You Are What You Spend: Presence and Absence in VITALINA VARELA

Written in late 2019 for Grasshopper Film’s digital release in 2020 of Pedro Costa’s masterpiece, recently selected as Portugal’s official submission for best international feature at the 93rd Academy Awards.  — J.R.

“A film with no commercial prospects whatever,” lamented The Nation’s Stuart Klawans, in the course of his passionate defense, after it won both the Golden Leopard and best actress awards in Locarno and the Silver Hugo in Chicago, among other festival prizes. Soon afterwards, Film Comment announced on its cover, “Pedro Costa’s Breathtaking Vitalina Varela Goes to Sundance,” and it was also declared the best film of 2019 by Roger Koza’s international poll of 169 critics, filmmakers, and programmers, beating even Quentin Tarantino’s very-commercial Once Upon a Time in…Hollywood by eleven votes.

How to explain the appeal of a movie named after a real person, a displaced “non-professional” who is also its star? Or the nature of a film driven by its refusal to separate art from life or fiction from non-fiction — feeling more like a place to visit or a person to hang out with, and less like an event or a story?

Seemingly shared by Film Comment and Klawans is the assumption that the fate of Vitalina Varela is tied to commerce — something we can assume as well about the fate of Vitalina the person. Even though many of us hate to admit it, capitalism isn’t exactly a victimless crime. We even become its casual victims as moviegoers whenever we watch a trailer in which we can’t tell who wrote or directed the picture because the credits race by too quickly for anyone but lawyers to read them — the assumption being that we’re too crude and stupid to care about such matters ourselves. Respecting us much more even while it ignores many of our desires for narrative clarity and closure, Vitalina Varela places itself in a different category from most Hollywood fare, even though Pedro Costa cites certain older commercial models — John Ford and Anthony Mann, Ernst Lubitsch’s Cluny Brown and Jacques Tourneur’s Curse of the Demon (all of them “movies” as opposed to “films”) –— among his treasured touchstones. So as victims we already share something with Vitalina, who’s also defined and manipulated by someone else’s economic concerns. Even her Cape Verdean neighbors in Lisbon shun her because her late husband was a crook, despite the fact that they all speak Creole, so that the dialogue of this movie also needs to be subtitled in Portugal and Brazil.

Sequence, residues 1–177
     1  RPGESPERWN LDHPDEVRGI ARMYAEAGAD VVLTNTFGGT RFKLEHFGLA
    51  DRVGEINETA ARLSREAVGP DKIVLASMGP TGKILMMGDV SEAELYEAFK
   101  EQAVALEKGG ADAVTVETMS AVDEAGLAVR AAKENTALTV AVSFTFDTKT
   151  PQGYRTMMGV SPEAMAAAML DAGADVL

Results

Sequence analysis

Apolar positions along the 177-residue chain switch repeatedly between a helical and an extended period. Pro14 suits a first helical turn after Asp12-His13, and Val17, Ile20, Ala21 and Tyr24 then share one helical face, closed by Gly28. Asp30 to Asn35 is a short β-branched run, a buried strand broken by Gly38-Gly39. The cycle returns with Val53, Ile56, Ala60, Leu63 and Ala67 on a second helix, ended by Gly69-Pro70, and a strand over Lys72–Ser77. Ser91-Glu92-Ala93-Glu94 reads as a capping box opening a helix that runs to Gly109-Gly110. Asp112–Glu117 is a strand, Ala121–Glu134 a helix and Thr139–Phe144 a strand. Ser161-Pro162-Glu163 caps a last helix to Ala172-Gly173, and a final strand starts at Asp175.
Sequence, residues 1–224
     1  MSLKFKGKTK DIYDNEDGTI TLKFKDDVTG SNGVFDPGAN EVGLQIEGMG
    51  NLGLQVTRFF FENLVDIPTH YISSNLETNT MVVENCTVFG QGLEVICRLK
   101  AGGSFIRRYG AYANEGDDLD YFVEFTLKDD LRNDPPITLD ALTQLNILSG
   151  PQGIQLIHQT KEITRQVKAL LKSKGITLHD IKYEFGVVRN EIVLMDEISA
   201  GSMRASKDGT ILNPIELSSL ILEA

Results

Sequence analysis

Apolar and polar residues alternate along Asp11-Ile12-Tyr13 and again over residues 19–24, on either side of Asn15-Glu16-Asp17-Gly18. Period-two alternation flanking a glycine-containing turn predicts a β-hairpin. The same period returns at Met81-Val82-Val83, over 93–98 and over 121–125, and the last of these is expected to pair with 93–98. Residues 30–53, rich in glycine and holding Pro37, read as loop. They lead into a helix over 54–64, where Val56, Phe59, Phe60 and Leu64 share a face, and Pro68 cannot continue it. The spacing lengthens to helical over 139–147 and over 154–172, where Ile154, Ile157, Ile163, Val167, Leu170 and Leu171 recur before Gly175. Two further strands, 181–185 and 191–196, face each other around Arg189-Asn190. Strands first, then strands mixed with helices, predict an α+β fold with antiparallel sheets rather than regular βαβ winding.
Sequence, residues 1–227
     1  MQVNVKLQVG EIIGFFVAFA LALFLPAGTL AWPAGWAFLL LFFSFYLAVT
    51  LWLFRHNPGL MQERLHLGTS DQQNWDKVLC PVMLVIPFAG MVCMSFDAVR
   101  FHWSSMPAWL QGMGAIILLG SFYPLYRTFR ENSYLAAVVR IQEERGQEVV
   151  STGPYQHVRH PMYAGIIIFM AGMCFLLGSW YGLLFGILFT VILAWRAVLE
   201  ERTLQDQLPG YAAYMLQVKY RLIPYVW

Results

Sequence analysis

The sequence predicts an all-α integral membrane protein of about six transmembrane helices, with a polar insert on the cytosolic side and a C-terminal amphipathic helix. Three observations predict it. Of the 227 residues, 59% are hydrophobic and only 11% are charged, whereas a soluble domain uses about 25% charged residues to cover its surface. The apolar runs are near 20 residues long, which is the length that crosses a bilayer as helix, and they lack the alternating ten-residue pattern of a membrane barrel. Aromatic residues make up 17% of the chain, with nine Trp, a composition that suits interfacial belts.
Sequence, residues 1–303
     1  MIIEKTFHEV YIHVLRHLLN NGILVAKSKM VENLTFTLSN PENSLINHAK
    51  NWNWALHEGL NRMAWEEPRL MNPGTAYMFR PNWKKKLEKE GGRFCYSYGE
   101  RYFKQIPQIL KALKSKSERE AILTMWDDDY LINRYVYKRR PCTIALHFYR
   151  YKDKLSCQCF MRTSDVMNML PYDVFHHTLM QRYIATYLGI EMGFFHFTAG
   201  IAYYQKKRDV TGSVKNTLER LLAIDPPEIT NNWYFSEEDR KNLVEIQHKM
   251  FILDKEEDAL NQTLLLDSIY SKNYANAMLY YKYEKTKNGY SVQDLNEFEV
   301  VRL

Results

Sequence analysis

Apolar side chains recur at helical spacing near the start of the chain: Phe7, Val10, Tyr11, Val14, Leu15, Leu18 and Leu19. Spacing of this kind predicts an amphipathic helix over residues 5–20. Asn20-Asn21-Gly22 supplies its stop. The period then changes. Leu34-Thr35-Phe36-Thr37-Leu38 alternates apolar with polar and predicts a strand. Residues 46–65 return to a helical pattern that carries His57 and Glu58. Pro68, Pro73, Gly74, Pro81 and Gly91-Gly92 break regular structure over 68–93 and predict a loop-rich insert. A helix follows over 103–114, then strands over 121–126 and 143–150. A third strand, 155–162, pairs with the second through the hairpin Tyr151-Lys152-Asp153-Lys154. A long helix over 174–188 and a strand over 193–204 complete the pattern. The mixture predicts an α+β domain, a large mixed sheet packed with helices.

In the two previous extended chapters of Costa’s odyssey about displaced Cape Verdeans in exile, Colossal Youth (2006) and Horse Money (2014), Ventura is the central figure, playing himself. Here he’s replaced by Vitalina, but he also figures here as someone else–a fragile, deeply troubled and guilt-ridden priest, presiding over a ruined church (created by Costa in the ruins of a suburban movie theater) that Vitalina periodically visits.

Even though we often describe what’s artistic in terms of form or style or genre, what we feel and think are surely just as relevant. And both the emotion and the content of Vitalina Varelacan be described in terms of what’s there and what’s missing — Costa’s contributions (that is, his investments and expenditures) and our own.